It is stranger than fiction and more frightening than any Nordic Noir drama, yet the unsettling disappearances of Guðmundur Einarsson and Geirfinnur Einarsson in 1974 still continue to haunt and fascinate Iceland today.
Even for those who haven’t kept up with the case, it’s pretty easy not to become intrigued by the bizarre turn of events. Picture this: 18-year-old man goes missing walking home. Ten months later, another man (with the same surname, though not related) receives a phone call and heads out to a cafe in his car. Keys are still in car. Man doesn’t re-appear. Still no sign of other man. Six suspects are later charged for both crimes. None have a clear memory of committing either, and confess under the worst of conditions.
For British journalist, Anthony Adeane, the fascination was obvious. He first explored the case in the BBC documentary, Out of Thin Air: Murder in Iceland. Now, he’s returned with more compelling evidence and insights in a book with the same name.
Anthony recently took some time out to chat with us about his new book.
How did you first hear about the Gudumundur and Geirfinnur disappearances, and what element of it intrigued you?
I first heard about the disappearances on a BBC Radio 4 documentary. I was instantly hooked. I was initially intrigued by the bizarre details of the investigation, but as I did more research I became fascinated by how these strange cases linked to Iceland as a place. I don’t think they could have happened anywhere else.
You first pitched the idea for a documentary, which was shown on BBC. Why did you decide to follow it up as a book?
They are very different beasts! The documentary is brilliant and I am really proud to have worked on it. Inevitably there were storylines and interviewees that we could not fit into a ninety minute film. The story stretches across 45 years, dovetails with some of the most seismic moments in modern Icelandic history, and involves high-ranking MPs, nightclub owners, and criminal gangs — there is enough fascinating detail to write ten books.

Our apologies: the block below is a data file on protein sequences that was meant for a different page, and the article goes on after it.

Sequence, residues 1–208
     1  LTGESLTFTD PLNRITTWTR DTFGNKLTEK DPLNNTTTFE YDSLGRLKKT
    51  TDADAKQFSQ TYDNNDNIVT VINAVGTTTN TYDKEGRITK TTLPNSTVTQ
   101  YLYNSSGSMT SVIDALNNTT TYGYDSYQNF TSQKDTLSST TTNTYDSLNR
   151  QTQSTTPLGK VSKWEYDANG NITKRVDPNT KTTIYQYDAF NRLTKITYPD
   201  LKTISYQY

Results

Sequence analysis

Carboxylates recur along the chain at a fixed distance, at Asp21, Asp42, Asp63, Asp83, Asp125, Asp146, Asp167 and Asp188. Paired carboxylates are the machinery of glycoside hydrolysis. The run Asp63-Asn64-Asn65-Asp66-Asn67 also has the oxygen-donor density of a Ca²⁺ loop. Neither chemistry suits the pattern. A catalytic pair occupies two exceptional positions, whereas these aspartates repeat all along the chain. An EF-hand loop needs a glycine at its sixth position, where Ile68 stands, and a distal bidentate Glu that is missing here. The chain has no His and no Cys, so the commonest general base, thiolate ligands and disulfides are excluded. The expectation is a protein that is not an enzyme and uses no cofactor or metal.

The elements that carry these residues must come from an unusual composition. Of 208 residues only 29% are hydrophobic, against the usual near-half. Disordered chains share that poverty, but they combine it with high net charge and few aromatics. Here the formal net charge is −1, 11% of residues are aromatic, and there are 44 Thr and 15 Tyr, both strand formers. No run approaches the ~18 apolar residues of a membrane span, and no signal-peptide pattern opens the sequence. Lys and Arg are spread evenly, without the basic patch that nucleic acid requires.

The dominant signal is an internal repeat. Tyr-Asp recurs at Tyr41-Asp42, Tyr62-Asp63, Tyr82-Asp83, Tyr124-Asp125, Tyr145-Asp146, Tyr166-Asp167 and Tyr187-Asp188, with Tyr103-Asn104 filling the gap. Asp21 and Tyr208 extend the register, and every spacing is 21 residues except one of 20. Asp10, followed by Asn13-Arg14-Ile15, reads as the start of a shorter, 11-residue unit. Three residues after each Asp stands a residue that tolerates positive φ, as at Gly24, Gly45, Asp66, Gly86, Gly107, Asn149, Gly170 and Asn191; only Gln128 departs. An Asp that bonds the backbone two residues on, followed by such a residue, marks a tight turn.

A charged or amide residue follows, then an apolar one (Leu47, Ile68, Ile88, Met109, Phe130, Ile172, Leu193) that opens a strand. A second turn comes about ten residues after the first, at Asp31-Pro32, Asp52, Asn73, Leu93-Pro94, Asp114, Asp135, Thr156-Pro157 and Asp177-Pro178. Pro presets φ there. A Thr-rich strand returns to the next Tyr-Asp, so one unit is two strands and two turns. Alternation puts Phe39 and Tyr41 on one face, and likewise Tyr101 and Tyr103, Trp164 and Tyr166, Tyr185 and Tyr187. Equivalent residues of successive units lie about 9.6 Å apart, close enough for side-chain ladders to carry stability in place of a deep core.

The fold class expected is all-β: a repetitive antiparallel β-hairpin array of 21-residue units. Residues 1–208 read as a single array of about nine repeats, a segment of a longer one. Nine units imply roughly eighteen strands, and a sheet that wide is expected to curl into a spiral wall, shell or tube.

As a journalist, what was the most challenging thing about investigating this story?
The amount of material, without question. The criminal cases produced over 10,000 pages of documents. Whittling down all the contradictory stories and bizarre theories into a (hopefully) taut and fast-paced read was definitely the biggest challenge.
What shocked you most through your research?
The cruelty that ordinary people are capable of.
For those who have watched the documentary, or followed the case in the media, what new information or insights can they expect to find in your book?
The book is filled with interviewees, storylines, and evidence that have never been written about or broadcast in the English language. It is my hope that even if you already know plenty about the cases, every chapter of the book will contain information that you have never heard before.